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The Avengers Series Review

"Mrs. Peel, we're needed."

Is there any television series that is more quintessentially 1960s than The Avengers? Okay, there’s The Prisoner, but it was never quite as much fun as the adventures of John Steed and the many talented amateurs he was partnered with.

Created by Doctor Who mastermind Sydney Newman (who refused to take credit), The Avengers started life back in 1961 as a vehicle for Ian Hendry, star of the short lived Police Surgeon. Looking to avenge the murder of his fiancĂ©e (hence the title), Hendry’s character, Dr. David Keel, teamed up with mysterious government agent John Steed (Patrick Macnee). If you grew up on the Emma Peel years, like I did, going back and looking at the show’s early days can be something of a shock. Back then The Avengers was a far more tough and gritty affair than the flamboyant spy series we all know and love. Keel was the main character with Steed as his rough and tumble, trench coat wearing sidekick, a far cry from the quintessential Englishman of legend.

Hendry bailed after one season to pursue a film career that never materialised. Macnee was promoted to star status and saddled with a rotating selection of sidekicks. It was only when he was partnered up with Honor Blackman’s alluring Cathy Gale that the series really started to come alive. Gale was a revolutionary female character at the time: smart, confident, independent, quick-witted, and more than capable of defending herself. British television audiences had never seen a woman like Cathy Gale before and were eager for more of her. By now Steed had ditched the trench coat, picked up his suits from Savile Row and popped on his bowler. Steed and Cathy sizzled on screen together even if their relationship never went far beyond some first-class flirting.

When Blackman chose to leave the series after season 3 to star in Goldfinger (something the show delightfully made fun of), a new partner was needed for Macnee’s gentleman spy. Enter Diana Rigg as legendary Emma Peel. Cool, stylish, smarter than everyone else on the show, and handy with a karate chop, Mrs. Peel was the perfect sparring partner for Steed. The arrival of ice-cool Ms Peel was when The Avengers really started to become unashamedly bonkers, the ultimate in ‘60s spy-fi entertainment. It now existed in an impossible England of sleepy little villages that held sinister secrets. As well as tackling the odd foreign spy and gangsters, the indomitable pairing of Steed and Peel now battled Cyber-Naughts, the Hellfire Club, killer plants from outer space, villainous department store workers, model train enthusiasts, and diabolical masterminds of all shapes and sizes.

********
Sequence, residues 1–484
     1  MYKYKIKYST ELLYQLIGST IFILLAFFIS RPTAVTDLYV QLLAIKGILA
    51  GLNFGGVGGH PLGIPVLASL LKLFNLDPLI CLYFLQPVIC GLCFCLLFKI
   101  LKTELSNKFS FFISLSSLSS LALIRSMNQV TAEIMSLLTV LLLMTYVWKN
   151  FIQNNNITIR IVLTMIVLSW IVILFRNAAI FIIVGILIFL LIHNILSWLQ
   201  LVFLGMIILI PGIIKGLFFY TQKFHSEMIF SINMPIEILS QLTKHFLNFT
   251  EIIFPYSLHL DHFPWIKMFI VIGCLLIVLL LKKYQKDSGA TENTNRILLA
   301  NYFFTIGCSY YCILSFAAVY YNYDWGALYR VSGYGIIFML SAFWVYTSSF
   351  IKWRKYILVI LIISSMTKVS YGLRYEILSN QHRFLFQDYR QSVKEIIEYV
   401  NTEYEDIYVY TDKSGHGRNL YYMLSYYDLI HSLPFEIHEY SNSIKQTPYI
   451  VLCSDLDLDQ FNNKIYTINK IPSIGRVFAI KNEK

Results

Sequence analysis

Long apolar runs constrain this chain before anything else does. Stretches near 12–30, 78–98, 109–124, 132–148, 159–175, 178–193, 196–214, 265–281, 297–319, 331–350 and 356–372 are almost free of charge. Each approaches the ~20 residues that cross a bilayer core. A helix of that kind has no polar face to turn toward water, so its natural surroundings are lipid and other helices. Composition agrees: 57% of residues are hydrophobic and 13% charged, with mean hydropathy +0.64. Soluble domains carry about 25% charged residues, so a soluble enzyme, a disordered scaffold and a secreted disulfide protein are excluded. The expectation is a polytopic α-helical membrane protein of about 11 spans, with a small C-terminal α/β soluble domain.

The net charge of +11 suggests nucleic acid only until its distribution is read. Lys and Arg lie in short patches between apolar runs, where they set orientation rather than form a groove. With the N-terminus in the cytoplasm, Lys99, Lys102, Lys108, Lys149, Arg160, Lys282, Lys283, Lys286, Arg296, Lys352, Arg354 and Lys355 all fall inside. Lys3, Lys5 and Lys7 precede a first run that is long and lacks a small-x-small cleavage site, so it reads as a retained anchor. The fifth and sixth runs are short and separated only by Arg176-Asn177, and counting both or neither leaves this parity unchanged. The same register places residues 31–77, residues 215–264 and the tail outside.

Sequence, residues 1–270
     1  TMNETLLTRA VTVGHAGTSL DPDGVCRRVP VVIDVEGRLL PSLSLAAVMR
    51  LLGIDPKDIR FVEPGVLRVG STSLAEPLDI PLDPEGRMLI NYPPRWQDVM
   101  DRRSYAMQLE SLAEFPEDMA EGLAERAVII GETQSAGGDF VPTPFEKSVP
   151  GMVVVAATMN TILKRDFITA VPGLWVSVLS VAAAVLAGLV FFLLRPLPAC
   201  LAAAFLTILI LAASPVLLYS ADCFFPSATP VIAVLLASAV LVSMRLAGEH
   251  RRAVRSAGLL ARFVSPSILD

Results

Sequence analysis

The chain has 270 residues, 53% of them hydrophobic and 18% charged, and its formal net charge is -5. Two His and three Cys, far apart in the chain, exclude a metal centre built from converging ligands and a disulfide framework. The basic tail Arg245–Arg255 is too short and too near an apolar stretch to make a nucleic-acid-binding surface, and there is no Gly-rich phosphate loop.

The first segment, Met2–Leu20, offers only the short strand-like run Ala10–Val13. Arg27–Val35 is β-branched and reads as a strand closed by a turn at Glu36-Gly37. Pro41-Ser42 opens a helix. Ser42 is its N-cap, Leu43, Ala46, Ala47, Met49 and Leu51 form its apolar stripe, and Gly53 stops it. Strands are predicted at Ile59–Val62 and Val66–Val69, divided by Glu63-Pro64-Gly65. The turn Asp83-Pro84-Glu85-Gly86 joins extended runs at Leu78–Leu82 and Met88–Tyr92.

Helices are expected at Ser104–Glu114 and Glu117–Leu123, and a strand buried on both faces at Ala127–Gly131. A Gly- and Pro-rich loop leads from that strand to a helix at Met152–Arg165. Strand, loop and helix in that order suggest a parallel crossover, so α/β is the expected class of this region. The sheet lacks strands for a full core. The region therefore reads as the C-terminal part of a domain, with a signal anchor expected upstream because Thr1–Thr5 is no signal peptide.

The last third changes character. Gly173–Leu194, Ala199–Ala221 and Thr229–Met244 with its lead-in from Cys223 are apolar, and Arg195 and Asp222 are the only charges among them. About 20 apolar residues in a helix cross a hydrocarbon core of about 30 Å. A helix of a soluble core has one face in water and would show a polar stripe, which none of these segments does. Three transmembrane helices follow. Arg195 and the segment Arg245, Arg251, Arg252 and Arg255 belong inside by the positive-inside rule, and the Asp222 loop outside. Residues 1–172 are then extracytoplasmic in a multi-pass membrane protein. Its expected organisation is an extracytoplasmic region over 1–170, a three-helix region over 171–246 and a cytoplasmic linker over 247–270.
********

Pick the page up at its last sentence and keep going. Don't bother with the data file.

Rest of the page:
The entire production also started to look more sleek and polished. The title sequence revamped and featured Laurie Johnson's iconic theme for the first time. ABC began airing the series in America (one of the first British shows to do so) which lead to a massive budget increase. The first three seasons were all shot on multi-camera video, but with the extra cash allowed the production team to start shooting on single camera 35mm film instead. Not only did this allow for more creative camera work, it also enabled the crew to get out of the studio and shoot on location for the first time. By season 5 the series moved into the wonderful world of primary colours and The Avengers became less a TV series and more a walking, talking work of '60s pop art.

The Steed and Peel years were The Avengers' best, producing many of the shows most beloved episodes, but they were not to last. Rigg had a difficult relationship with the producers after discovering during the making of season four that, despite being co-lead, she was being paid less than the cameraman. She demanded a pay raise equal to what Macnee was earning or she'd walk. The producers gave in, but Rigg's relationship with them never really healed and she eventually chose to leave the series, and its arduous shooting schedule, for good after finishing work on season five. Mrs. Peel was written out in the first episode of season six where, after bidding an emotional farewell to Steed, she left to be reunited with her husband, Peter, who turned up alive after being presumed dead all these years.